Friday, August 22, 2014

TTAB Affirms PTO Refusal: Specimens Fail to Show Use for Live Entertainment Services

The Board affirmed a refusal to register the mark FAB AGAIN for "entertainment in the nature of visual and audio performances, namely, musical band, rock group, gymnastic, dance, and ballet performances," on the ground that applicant failed to submit an acceptable specimen of use. Specimens evidencing use of the mark on recordings or in connection with music streaming are not sufficient to support a registration for the recited services: the specimens must relate to a live performance before an audience. In re Titan Music, Inc., Serial No. 77344197 (August 20, 2014) [not precedential].

Applicant first submitted a webpage from the website, offering for sale a music CD having the cover shown above. Examining Attorney Andrew Rhim rejected that specimen of use because it made no reference to any services.

Applicant then submitted a printout from Last FM's internet website (a streaming service), showing the album cover with a link to allow streaming audio from the album. The Examining Attorney again refused to accept the specimen because "performances captured on a musical sound recording constitute goods and are not the same as the service of providing or conducting visual and audio performances."

"Performance" in the context of services involves the act of performing and is done in front of an audience. *** [T]he Trademark Manual of Examination Procedure Section 1402.11(g) states that "For entertainment services in the nature of performances, such as those rendered by a musical group, the performances must be live."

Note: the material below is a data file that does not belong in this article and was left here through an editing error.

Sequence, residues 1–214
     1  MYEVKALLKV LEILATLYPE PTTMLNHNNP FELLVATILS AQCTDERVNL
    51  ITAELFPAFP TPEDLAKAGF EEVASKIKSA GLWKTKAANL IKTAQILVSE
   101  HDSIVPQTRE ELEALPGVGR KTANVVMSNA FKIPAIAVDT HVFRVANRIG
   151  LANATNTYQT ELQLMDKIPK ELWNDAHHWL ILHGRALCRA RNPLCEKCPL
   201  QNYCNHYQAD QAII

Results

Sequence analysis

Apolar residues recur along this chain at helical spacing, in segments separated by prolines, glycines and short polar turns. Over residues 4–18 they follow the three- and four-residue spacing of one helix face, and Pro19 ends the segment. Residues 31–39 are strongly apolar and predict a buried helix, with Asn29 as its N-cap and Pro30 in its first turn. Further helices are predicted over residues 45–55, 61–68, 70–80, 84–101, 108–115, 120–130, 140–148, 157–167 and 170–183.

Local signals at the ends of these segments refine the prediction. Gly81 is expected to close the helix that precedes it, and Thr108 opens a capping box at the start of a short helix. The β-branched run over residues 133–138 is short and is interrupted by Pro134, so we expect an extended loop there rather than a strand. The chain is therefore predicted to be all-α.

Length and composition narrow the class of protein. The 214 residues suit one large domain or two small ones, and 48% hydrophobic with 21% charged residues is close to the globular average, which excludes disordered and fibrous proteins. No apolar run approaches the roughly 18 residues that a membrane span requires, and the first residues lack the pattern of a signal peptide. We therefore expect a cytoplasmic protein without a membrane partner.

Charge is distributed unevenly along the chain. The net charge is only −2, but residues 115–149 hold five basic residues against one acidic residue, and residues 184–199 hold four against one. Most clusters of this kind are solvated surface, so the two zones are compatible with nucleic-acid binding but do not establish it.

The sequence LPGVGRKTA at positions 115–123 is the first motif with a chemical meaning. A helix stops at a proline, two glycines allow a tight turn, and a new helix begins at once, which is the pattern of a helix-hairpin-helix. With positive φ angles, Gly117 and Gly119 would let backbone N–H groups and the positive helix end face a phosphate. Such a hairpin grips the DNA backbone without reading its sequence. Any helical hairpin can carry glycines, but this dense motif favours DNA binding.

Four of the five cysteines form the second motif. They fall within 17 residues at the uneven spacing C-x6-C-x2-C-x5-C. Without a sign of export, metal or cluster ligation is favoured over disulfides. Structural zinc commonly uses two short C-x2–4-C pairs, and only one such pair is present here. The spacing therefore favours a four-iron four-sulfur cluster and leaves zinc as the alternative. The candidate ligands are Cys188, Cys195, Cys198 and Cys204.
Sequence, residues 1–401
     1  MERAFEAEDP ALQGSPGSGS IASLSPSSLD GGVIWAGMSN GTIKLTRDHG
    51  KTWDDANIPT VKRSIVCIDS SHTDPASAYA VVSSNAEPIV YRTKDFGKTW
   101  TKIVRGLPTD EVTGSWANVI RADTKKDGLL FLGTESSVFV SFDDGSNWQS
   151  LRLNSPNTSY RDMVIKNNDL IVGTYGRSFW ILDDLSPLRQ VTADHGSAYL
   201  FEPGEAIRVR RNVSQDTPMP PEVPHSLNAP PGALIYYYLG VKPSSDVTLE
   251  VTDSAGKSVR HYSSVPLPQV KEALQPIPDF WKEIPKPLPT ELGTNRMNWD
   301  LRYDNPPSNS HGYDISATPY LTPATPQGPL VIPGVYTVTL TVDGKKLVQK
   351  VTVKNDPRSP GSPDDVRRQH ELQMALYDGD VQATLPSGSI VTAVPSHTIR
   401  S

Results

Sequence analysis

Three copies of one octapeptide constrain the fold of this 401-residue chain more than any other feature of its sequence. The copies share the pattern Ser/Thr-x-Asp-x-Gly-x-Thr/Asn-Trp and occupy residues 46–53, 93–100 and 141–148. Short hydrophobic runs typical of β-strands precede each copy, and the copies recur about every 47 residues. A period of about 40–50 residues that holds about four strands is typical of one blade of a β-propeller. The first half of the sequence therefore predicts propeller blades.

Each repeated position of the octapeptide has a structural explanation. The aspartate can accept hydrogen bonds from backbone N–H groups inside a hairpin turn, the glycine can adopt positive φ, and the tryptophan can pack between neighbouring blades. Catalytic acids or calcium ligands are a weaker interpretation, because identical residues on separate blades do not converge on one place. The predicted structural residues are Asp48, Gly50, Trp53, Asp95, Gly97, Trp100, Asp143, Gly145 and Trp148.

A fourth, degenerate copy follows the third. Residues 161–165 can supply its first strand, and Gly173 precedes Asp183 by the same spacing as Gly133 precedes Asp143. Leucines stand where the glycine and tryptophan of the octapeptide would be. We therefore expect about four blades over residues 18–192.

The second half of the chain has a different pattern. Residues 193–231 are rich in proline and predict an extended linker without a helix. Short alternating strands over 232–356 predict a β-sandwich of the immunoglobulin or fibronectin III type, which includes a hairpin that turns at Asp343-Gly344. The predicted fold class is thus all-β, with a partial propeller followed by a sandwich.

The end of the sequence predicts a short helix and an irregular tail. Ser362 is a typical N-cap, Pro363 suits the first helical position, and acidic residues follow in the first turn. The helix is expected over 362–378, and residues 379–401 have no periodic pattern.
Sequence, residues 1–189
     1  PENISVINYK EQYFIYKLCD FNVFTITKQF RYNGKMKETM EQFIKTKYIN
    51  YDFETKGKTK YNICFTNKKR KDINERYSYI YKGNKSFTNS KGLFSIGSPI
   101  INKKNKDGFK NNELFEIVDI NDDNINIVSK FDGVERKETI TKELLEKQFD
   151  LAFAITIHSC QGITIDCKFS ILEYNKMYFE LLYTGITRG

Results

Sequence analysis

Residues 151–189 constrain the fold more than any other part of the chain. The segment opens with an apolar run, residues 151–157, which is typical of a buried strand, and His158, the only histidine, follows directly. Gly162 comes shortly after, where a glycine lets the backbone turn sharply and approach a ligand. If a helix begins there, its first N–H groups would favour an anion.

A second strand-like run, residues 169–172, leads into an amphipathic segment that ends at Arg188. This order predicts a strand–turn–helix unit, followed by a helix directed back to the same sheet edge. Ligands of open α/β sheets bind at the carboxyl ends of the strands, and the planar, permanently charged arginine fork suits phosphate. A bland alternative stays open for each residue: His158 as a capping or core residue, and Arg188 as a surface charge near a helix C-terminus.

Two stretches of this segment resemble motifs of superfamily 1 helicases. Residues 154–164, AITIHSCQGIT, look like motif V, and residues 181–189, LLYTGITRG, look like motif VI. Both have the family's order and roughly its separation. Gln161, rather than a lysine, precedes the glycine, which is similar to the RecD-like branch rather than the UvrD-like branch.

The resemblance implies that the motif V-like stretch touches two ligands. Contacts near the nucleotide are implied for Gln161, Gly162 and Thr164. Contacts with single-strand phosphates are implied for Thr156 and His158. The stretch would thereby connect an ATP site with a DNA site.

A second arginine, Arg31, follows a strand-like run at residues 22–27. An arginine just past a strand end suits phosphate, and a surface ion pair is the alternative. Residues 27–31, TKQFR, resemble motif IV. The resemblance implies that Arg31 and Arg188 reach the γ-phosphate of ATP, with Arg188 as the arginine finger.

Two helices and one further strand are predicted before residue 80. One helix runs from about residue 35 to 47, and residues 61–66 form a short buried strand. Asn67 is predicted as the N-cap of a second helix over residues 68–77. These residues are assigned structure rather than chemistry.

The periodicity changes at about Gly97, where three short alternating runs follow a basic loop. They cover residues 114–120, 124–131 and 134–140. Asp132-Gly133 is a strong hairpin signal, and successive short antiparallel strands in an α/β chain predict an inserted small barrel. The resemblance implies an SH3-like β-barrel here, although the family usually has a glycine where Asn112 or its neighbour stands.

The TMEP goes on to say that "[t]he recording of a live concert or studio performance is not considered a service of the performing group." [The production of a recording by another entity of a performance by a musical group would be a service of the other entity.] Recorded entertainment usually takes the form of goods in Class 9, such as videotapes, audio cassettes, DVDs, CDs, etc.

The Board agreed with the Examining Attorney that applicant's specimens may show use of the mark for goods (compact discs) or services (streaming), but they did not show use of the mark with the recited services.

And so the Board affirmed the refusal.

Read comments and post your comment here.

TTABlog note:  Who's that in the middle of the Fab Four?

Text Copyright John L. Welch 2014.


At 8:42 AM, Blogger Frank said...

It's Trini Lopez.


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